EET

ENERGY FIGURES OF THE MONTH

Consumption of renewables growing at 2.8% each year

According to the International Energy Outlook 2011, compiled by the U.S. Energy Information Administration, the use of all energy sources will rise through 2035. Petroleum and other liquid fuels are now the world's slowest-growing energy sources. Consumption of liquid fuels will increase at an annual rate of 1% from 2008 to 2035, whereas total energy demand will grow by 1.6% each year. On the other end of the spectrum, renewables are the world's fastest-growing energy sources, with consumption rising by 2.8% every year. Analysts say that relatively high projected oil prices, plus concern about the environmental impacts of fossil fuels, are driving the growth seen in renewables. And in many countries, government incentives are still improving their prospects.

U.S. among world leaders in wind capacity

By the end of 2010, there was approximately 194.4 GW of installed wind capacity worldwide, a 22% increase over 2009. The U.S. now has more than 40 GW of installed wind capacity. Other world leaders with significant investments in wind technology include China, Germany, Spain, and Italy, among others.

Source: Strategies and Decision Support Systems for Integrating Variable Energy Resources in Control Centers for Reliable Grid Operations by Lawrence E. Jones.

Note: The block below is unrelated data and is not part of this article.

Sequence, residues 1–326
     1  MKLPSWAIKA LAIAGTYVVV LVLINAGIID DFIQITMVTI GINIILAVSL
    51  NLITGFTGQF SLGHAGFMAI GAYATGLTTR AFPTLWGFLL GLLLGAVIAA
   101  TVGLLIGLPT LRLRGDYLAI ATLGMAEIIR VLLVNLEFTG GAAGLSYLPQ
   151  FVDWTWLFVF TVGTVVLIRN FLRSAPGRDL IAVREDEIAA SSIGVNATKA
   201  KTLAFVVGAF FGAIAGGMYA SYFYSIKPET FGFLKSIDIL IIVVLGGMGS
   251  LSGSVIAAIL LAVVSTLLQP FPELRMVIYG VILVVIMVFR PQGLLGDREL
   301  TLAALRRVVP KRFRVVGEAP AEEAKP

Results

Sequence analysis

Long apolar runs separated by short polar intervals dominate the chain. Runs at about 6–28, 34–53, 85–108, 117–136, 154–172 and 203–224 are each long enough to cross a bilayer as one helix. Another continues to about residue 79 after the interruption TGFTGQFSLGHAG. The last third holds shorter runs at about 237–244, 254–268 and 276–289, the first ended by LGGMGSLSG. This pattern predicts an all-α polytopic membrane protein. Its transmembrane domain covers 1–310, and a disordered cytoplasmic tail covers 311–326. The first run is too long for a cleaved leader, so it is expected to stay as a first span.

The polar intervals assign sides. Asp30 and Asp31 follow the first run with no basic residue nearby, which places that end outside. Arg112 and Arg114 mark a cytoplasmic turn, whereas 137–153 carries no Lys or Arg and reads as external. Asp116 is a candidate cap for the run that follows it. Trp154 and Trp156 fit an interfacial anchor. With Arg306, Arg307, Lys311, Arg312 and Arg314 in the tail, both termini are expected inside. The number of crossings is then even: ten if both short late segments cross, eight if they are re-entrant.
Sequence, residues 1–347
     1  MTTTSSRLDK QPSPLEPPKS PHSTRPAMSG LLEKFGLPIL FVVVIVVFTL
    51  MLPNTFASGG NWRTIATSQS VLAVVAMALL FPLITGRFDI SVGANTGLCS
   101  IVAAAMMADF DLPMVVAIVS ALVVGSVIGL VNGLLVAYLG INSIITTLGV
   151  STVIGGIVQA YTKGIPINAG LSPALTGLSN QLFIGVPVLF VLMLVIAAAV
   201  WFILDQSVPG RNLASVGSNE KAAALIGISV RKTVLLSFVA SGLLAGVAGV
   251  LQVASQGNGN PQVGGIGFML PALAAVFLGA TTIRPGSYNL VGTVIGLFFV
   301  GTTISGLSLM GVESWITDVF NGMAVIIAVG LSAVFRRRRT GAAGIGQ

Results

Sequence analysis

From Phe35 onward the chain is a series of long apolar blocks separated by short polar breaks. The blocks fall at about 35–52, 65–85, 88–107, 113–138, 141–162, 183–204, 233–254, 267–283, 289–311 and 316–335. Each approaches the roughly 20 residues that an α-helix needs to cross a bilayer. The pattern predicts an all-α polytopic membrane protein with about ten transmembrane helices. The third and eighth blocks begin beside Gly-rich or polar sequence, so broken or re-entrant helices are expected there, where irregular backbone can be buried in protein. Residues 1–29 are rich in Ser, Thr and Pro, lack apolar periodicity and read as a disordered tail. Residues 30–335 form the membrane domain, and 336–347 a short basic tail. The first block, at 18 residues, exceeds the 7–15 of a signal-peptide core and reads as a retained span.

Government policies driving worldwide wind growth

Wind capacity is expected to continue expanding in the U.S., European Union (EU), and the rest of the world in the years ahead thanks to several factors, including strong governmental regulatory and policy measures. For example, 27 U.S. states have enacted Renewable Portfolio Standards (RPS) requiring that between 10% and 40% of a state's energy must come from renewable sources by 2015 to 2030. There's a similar growth trajectory for the U.S. and EU regarding wind capacity.

Source: Strategies and Decision Support Systems for Integrating Variable Energy Resources in Control Centers for Reliable Grid Operations by Lawrence E. Jones.

TAGS: Content
Hide comments

Comments

  • Allowed HTML tags: <em> <strong> <blockquote> <br> <p>

Plain text

  • No HTML tags allowed.
  • Web page addresses and e-mail addresses turn into links automatically.
  • Lines and paragraphs break automatically.
Publish